COVID Safety: Back to Basics

Five simple, familiar tools can help keep you, your family, and your community protected.

Eric Norman
Image of COVID-19 Omicron XBB.1.5 virus

Remember this time last year, when nearly everyone you saw in the grocery was wearing a mask? And you were still doing careful calculations about whom you spent time with? The warmer months brought a return to an almost-pre-COVID lifestyle. Summer fun and family traditions were back. School and work felt more normal.

As little as we want to do it, it’s time to put COVID safety back on our New Year’s resolution lists. Here’s why, and how you can minimize its impact on you and others.

First, the season.

Winter means we’re spending more time inside, sometimes with many other people. When we heat the air indoors, we dry it out — and airborne viruses like COVID and flu like dry air. The membranes in our noses are our body’s first defense against viruses in the air, and when they get dry, they don’t defend us very well.

Second, the latest variant.

Called XBB.1.5, it’s another version of Omicron, and it’s taking over really fast. It’s expected to be the dominant strain of COVID across the US in a few weeks from this writing. There’s currently no evidence that XBB.1.5 causes worse disease than any previous variant, but it’s still a big problem, for two reasons:

  1. It’s good at getting around the immunity we already have, whether from infection or vaccines.

  2. It’s super easy to catch, because it sticks to our cells really well.

Both wastewater and hospitalization levels are rising fast in the areas where this variant is already dominant. Some experts expect a national surge that will surpass this past summer’s peak.

Third, vaccines’ protection against infection wanes over time.

The vaccines prevent infection best during the first four months after you get them. The longer it has been since you got vaccinated or boosted, the more likely you are to get COVID. But — and this is important — they’re still really good at keeping you out of the hospital.

Fourth, and this one is on us: our relaxed precautions.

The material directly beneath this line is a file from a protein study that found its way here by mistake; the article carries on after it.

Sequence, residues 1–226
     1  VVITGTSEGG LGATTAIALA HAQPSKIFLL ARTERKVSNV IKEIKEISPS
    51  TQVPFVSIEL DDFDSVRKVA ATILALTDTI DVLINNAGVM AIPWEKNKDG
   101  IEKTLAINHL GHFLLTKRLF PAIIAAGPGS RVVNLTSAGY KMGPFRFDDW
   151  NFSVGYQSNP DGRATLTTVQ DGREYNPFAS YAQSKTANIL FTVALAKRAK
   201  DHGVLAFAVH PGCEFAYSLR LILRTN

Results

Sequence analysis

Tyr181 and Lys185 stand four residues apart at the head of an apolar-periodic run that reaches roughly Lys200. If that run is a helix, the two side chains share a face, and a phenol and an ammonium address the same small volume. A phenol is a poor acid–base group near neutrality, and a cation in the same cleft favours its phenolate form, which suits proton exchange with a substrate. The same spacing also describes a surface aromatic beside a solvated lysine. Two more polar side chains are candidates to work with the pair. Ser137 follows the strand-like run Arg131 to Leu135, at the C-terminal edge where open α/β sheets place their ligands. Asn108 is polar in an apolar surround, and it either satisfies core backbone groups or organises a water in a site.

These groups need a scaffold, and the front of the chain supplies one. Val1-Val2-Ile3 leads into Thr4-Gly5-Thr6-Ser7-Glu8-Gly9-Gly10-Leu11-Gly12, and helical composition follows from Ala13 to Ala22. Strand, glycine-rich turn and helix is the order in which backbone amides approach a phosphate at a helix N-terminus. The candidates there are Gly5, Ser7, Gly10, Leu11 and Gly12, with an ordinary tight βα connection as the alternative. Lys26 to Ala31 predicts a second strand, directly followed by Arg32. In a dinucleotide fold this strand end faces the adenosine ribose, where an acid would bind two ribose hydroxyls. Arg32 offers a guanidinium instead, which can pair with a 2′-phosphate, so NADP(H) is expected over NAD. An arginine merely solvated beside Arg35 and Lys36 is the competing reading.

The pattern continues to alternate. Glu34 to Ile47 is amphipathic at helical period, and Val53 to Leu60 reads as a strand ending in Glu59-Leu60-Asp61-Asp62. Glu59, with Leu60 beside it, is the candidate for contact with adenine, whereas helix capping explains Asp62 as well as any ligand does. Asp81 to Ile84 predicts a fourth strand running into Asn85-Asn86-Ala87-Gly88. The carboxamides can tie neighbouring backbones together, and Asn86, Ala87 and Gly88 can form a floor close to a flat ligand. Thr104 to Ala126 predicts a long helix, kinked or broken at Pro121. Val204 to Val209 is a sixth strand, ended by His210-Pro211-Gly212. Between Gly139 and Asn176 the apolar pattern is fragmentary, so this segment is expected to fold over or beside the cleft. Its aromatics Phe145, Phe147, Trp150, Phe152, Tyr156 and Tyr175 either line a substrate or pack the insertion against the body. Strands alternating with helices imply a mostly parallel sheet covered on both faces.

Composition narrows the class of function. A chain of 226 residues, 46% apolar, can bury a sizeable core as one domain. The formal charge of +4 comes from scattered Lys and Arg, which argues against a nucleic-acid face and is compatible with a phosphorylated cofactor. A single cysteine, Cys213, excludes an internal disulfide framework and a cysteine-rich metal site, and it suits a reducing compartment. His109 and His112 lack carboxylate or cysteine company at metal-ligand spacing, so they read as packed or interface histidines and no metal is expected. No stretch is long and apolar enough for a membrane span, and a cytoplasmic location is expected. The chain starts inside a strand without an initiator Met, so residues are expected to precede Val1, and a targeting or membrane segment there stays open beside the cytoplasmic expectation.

You probably don’t see so many masks in the grocery right now, and in most places, your kids aren’t asked to wear them at school. Like me, you might still have some masks crumpled up in your winter coat pocket from last year. And weren’t the holiday parties nice?

All that said, this is not our first rodeo. You don’t have to return to your April 2020 bubble to stay safe, but a few smart precautions can make a big difference.

Ask yourself: How clean is the air?

People infected with COVID exhale virus that can infect you when you breathe in. They can even do this when they don’t have symptoms. You might be surprised (and a little grossed out) by how far the coronavirus can spread in a room with poor ventilation, and how long it can stay in the air. So think about: How many people will I be sharing air with, and how many might be sick? How well is that air cleaned?

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Vaccines are your strongest protection against serious illness.

Even if you got a booster a while ago, being up to date will help keep you out of the hospital, especially if you’re over 65. If you’re not up to date, it’s not too late. Get boosted, and stay up to date when new vaccines become available. (Find a vaccine near you.)

Masks help keep you from getting COVID — and giving it to others.

Any mask is better than no mask, but some masks are better than others. And consider treating yourself to a new supply for the winter, so you can retire those crumpled-up ones in your coat pocket! (Get new, effective masks.)

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Rapid tests tell you if you're infected, so you don't spread the virus.

If you’re feeling sick, or you have been exposed to someone who is infected, you need to test. Be sure to use the test correctly. It also helps to test twice, about two days apart.

You probably still have some tests from last winter. Depending on the brand and exactly when you got them, they might be expired (you can check that here). There are many ways to get new tests for low or no cost, including ordering free tests from

Remember: Every time you take a rapid test, report your result — whether negative or positive — at More reports help our public health response.

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COVID treatments can help keep you out of the hospital.

To be effective, however, these medications have to be used early in your infection — typically within five days from when your symptoms begin. The good news is they’re free for everyone. Find out how to get treatment here.

These five tools — making sure you’re breathing clean air, vaccines, masks, rapid tests, and treatments — are your COVID safety toolkit. With another wave on the rise, it’s time to get reacquainted with them. And don’t forget, our COVID Risk Quiz will help you figure out how likely it is that you might have COVID-19 right now — or if you’re likely to get it based on where you live and your planned activities.

You’ve got this, now go forth and embrace 2023 — wisely!